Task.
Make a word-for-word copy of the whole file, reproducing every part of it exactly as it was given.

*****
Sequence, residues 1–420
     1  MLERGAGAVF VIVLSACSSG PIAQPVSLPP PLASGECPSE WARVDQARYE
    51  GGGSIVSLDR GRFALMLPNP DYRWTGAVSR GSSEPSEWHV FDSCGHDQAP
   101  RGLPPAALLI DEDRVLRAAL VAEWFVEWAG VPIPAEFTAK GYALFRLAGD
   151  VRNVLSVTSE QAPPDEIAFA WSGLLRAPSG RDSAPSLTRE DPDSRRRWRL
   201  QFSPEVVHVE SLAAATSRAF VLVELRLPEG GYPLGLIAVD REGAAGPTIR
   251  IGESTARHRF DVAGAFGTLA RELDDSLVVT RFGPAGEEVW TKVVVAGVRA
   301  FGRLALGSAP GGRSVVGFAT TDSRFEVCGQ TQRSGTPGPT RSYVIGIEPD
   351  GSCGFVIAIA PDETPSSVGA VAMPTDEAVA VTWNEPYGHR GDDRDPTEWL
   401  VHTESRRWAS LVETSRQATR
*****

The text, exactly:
Sequence, residues 1–420
     1  MLERGAGAVF VIVLSACSSG PIAQPVSLPP PLASGECPSE WARVDQARYE
    51  GGGSIVSLDR GRFALMLPNP DYRWTGAVSR GSSEPSEWHV FDSCGHDQAP
   101  RGLPPAALLI DEDRVLRAAL VAEWFVEWAG VPIPAEFTAK GYALFRLAGD
   151  VRNVLSVTSE QAPPDEIAFA WSGLLRAPSG RDSAPSLTRE DPDSRRRWRL
   201  QFSPEVVHVE SLAAATSRAF VLVELRLPEG GYPLGLIAVD REGAAGPTIR
   251  IGESTARHRF DVAGAFGTLA RELDDSLVVT RFGPAGEEVW TKVVVAGVRA
   301  FGRLALGSAP GGRSVVGFAT TDSRFEVCGQ TQRSGTPGPT RSYVIGIEPD
   351  GSCGFVIAIA PDETPSSVGA VAMPTDEAVA VTWNEPYGHR GDDRDPTEWL
   401  VHTESRRWAS LVETSRQATR